I do not like children. Oh, I’ve met a handful in my life who stirred indulgent feelings in me (if I cogitate upon it, I can think of one, anyway), but mostly, I want the noisy, messy, nasty, self-centered, stupid little things to go the hell away. Don’t ask me to be near them till they can talk in complete sentences; appreciate the value of peace and quiet; understand the need to respect other people’s feelings, rights and property; and concentrate on something (other than a television or a video game) for longer than fifteen seconds.
I have a nice old couple who sometimes get appointments back to back and some of those times, they have drawn babysitting duty and bring a repulsive, porkulent, sedentary granddaughter. She comes equipped with a handheld electronic game and a smirking whine (not a common feat). Grandma thinks she is a nice, considerate kid. I think she is a punk. She leaves a miasma in the room that would drive a Feng Shui consultant rabid. It’s like the psychic corollary of a hanging cloud of stale farts.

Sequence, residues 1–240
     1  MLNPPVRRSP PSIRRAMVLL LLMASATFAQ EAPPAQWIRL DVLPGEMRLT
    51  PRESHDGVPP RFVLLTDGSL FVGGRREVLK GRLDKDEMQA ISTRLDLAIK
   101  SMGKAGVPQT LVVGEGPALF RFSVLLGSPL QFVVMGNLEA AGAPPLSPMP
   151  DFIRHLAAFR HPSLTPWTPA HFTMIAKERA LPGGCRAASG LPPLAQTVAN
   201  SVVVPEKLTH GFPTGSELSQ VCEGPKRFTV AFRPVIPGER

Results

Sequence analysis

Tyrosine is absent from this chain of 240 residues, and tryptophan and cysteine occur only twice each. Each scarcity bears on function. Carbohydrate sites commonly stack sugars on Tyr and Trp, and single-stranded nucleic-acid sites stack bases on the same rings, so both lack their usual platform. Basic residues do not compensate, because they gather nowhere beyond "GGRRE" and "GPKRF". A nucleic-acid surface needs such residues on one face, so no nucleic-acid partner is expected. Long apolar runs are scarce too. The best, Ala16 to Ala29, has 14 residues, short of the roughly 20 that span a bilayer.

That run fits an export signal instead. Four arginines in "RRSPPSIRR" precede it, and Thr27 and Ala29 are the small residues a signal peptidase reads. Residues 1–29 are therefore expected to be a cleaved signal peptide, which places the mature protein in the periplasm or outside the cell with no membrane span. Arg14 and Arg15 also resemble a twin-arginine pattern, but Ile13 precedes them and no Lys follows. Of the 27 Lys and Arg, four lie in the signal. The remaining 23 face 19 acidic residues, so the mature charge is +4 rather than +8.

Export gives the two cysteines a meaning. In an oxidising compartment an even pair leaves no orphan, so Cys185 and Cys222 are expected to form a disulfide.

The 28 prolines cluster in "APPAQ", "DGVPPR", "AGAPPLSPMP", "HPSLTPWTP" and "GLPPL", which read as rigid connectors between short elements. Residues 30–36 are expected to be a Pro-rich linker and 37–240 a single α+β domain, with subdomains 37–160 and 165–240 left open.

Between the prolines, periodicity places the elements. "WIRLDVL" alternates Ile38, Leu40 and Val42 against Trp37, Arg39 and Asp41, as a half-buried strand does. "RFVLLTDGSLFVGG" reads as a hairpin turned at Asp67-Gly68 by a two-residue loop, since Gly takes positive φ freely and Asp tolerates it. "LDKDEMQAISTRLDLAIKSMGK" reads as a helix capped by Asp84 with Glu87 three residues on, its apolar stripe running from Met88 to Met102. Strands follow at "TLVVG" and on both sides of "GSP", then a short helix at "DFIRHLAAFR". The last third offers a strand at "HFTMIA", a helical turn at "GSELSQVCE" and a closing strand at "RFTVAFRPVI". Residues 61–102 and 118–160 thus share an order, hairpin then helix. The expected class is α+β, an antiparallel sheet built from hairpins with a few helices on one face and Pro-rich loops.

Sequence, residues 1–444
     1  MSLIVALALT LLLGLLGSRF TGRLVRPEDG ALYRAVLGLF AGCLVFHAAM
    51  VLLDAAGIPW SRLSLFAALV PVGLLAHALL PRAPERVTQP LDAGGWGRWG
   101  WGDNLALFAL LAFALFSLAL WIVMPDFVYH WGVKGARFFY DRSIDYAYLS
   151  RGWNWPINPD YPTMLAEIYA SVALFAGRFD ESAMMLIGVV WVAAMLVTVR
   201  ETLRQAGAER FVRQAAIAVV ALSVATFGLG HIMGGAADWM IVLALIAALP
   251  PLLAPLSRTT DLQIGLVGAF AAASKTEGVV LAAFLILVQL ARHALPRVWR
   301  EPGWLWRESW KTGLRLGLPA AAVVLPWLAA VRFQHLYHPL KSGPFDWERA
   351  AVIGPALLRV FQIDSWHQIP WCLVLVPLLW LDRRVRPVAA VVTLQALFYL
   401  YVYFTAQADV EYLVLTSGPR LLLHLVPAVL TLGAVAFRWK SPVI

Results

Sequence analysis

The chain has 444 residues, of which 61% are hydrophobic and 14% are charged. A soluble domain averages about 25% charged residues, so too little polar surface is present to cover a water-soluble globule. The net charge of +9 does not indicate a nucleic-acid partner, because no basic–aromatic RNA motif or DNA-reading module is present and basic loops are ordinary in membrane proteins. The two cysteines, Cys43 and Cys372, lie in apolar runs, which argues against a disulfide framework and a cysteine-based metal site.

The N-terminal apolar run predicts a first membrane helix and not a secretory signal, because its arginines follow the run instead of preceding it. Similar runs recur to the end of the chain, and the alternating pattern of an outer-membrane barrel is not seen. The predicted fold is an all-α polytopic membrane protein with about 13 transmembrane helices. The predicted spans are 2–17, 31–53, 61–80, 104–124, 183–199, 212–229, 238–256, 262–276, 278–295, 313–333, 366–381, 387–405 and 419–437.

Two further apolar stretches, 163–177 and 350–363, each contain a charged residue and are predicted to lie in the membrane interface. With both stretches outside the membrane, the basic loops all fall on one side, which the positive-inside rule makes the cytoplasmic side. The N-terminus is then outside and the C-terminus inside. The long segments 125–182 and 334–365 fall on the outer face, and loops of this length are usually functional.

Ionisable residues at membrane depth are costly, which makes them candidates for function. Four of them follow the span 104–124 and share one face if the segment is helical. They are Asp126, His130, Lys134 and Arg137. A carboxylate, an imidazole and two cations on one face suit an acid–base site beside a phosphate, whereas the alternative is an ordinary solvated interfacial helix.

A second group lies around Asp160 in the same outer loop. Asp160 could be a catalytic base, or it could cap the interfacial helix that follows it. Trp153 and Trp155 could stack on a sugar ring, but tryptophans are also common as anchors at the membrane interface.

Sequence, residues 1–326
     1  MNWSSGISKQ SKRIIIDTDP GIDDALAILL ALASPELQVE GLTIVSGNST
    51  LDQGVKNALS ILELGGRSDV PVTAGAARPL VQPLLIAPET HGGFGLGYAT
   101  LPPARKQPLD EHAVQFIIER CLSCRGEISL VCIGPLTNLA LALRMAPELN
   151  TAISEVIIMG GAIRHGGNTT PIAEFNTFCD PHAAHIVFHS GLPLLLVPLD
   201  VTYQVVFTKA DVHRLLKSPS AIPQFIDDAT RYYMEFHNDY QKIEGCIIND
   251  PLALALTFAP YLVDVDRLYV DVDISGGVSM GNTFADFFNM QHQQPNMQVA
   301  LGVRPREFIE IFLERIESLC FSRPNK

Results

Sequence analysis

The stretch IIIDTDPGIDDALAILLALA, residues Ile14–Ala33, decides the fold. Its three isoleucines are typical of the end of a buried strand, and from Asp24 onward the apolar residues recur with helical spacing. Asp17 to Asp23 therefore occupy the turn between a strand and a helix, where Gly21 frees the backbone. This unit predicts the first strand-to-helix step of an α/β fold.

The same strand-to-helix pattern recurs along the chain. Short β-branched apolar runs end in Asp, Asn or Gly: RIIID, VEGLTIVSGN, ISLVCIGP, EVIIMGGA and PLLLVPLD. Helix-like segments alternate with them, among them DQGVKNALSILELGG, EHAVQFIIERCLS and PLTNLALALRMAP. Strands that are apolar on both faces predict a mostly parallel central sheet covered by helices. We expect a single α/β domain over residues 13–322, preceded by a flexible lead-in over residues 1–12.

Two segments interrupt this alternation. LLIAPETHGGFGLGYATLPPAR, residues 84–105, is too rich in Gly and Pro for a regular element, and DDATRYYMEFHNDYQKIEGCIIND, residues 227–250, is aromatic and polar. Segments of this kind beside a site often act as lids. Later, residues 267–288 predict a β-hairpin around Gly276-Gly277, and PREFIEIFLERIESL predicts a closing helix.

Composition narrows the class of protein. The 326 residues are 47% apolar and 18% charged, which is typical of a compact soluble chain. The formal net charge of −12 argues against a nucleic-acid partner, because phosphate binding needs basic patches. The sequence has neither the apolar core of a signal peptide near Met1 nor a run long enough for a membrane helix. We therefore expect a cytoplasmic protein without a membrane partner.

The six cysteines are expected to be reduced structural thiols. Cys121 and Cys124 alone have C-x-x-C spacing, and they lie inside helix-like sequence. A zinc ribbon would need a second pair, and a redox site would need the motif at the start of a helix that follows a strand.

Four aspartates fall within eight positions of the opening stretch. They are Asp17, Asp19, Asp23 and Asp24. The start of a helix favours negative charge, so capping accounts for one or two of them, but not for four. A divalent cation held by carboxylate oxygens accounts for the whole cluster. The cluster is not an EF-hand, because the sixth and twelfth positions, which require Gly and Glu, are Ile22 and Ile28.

Today, she found she would have to sit through two appointments, first whining and then lurking heavily outside the treatment-room door until I nearly stepped over to yank it open in her face. I could hear her breathing and shuffling in the hall, and going back to complain to Grandpop. It always creeps me out to think she is in my front room without my being there, even with one of her grandparents watching; I keep trying to get her to go outdoors and play on my lawn, but the very idea apparently is incomprehensible to this glutinous mass of grade-school fungus.
The first time she was here, she walked over to a shelf of pottery and objets with her game-boy stylus and poked it into the mouth of a little cat figurine, eliciting a limply inadequate wheedle of reprimand from Grandma. I restrained an urge to wrench her head from her shoulders, which I probably could do.
She stepped backward into a lush pile of turd that my Maine Coon had, uncharacteristically, left on the completely washable, brown rug.
I apologized profusely for the mishap and offered to take her clog and wash it off. I had to get out of the room fast so they wouldn’t see me laughing fit to bust.